For a long time, fat was thought to be just bad and not good. However, recent studies have shown that absorbing too much saturated good fats can raise blood cholesterol levels, which can lead to heart disease or colon cancer, but some fats may wish to eat more.
More About Good Fats
First, there are monounsaturated fats. It is mainly found in olive oil, peanut oil, flaxseed oil, and most nuts (including almonds, cashews, walnuts, and peanuts). Studies have shown that monounsaturated fats can reduce total cholesterol, thereby improving the effect of protecting the heart. The ongoing Harvard Nursing Health Study found that women who ate five or more servings of monounsaturated fats per week cut their chances of developing heart disease in half. The American Heart Association recommends that 15 percent of our daily calories should come from monounsaturated fats. For more research Click Here.
Another good fat is omega-3 fats. It is abundant in many types of fish: salmon, anchovies, sardines, rainbow salmon, herring, caviar, tuna, as well as green leafy vegetables, walnut oil, flaxseed oil and tofu. If you don’t like eating fish, fish oil capsules can be a good alternative, experts say. For more health tips visit our site ArticlesHubs.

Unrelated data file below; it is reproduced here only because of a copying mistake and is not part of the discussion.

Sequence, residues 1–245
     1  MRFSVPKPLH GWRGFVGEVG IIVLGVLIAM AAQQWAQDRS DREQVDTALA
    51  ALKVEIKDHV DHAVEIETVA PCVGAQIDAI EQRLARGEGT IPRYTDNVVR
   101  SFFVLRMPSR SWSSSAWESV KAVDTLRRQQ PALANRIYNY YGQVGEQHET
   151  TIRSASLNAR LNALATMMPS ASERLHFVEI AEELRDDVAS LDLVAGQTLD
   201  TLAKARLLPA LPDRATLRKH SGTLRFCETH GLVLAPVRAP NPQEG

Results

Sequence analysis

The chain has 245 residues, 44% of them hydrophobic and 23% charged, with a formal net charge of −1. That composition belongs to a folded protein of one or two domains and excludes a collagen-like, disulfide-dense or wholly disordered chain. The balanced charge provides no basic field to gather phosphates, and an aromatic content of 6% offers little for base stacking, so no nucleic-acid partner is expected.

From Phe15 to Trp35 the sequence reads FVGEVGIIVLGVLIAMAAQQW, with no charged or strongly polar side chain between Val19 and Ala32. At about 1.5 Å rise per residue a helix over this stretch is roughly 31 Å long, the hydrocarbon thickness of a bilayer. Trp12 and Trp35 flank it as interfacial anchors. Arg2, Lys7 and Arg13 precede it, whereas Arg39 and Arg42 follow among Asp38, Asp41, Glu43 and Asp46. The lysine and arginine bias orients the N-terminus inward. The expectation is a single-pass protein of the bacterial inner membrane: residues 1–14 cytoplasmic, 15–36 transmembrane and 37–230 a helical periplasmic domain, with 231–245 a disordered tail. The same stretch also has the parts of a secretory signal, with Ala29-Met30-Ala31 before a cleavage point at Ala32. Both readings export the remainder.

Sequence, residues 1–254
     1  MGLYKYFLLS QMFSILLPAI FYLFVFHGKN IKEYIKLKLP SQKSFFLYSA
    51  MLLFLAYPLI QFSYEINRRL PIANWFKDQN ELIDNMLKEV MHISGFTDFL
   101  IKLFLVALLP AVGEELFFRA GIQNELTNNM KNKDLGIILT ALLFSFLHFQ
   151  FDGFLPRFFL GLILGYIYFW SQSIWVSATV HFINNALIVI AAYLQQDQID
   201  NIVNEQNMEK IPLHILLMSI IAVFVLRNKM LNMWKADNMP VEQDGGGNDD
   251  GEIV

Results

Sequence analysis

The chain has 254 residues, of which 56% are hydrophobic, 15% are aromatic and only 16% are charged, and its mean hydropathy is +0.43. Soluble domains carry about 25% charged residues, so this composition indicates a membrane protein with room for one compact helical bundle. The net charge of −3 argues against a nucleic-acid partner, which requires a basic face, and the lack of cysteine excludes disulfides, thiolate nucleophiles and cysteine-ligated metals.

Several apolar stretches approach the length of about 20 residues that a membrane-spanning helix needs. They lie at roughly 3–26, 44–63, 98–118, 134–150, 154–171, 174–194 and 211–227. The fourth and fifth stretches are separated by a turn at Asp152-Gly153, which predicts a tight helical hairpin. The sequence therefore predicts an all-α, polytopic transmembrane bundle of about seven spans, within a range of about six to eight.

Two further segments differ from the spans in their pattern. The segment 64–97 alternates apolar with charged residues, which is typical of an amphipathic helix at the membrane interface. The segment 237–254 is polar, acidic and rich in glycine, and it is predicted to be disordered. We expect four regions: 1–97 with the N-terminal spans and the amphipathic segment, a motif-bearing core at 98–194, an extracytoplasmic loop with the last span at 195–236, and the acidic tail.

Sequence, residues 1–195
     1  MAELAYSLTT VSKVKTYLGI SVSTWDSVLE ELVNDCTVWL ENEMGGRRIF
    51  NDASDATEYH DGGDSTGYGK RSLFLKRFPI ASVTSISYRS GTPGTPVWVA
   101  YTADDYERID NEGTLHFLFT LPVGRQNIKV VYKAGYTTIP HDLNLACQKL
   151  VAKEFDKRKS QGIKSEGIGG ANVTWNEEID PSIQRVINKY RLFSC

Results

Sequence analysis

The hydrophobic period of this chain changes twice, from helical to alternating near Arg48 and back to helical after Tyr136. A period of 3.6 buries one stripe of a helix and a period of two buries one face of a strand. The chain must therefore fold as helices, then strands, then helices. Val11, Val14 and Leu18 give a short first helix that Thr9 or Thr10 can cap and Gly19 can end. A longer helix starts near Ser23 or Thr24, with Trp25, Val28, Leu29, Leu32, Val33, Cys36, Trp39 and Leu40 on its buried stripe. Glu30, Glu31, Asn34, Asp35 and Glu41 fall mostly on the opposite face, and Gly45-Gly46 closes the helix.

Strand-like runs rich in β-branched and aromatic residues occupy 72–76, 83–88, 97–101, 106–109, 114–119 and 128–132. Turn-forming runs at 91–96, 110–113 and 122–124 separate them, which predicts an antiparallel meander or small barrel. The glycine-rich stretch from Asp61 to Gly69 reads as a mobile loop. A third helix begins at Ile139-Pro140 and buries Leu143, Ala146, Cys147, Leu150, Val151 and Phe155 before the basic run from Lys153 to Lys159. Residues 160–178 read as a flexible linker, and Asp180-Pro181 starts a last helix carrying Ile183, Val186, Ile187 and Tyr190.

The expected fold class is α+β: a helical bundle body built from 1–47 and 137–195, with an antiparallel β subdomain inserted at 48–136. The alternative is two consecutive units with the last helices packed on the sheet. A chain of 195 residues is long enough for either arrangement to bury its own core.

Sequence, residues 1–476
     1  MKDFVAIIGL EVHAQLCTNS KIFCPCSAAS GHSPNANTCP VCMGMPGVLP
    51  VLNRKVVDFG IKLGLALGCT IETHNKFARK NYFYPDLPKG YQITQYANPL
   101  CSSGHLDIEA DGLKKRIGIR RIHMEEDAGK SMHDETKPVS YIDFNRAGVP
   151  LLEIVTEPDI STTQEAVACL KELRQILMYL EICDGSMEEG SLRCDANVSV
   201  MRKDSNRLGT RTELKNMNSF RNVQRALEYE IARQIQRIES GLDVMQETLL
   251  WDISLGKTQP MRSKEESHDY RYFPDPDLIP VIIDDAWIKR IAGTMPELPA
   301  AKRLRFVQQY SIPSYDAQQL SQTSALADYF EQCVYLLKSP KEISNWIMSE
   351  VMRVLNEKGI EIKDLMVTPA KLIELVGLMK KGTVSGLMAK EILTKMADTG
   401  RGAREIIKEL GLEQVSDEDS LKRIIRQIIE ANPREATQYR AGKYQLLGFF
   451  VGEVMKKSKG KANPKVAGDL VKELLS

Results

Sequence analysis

More recent studies have shown that Omega-3 fatty acids have a significant effect in preventing heart attacks. Omega-3 fatty acids can even reduce symptoms of a range of conditions, including manic depression and PMS. Although there are no daily recommendations for omega-3 intake, studies have shown that eating fish 2 to 3 times a week can help lower overall cholesterol levels.
This article is reviewed by the consultant doctor of this site. May you can see about Tips For Handling Food.
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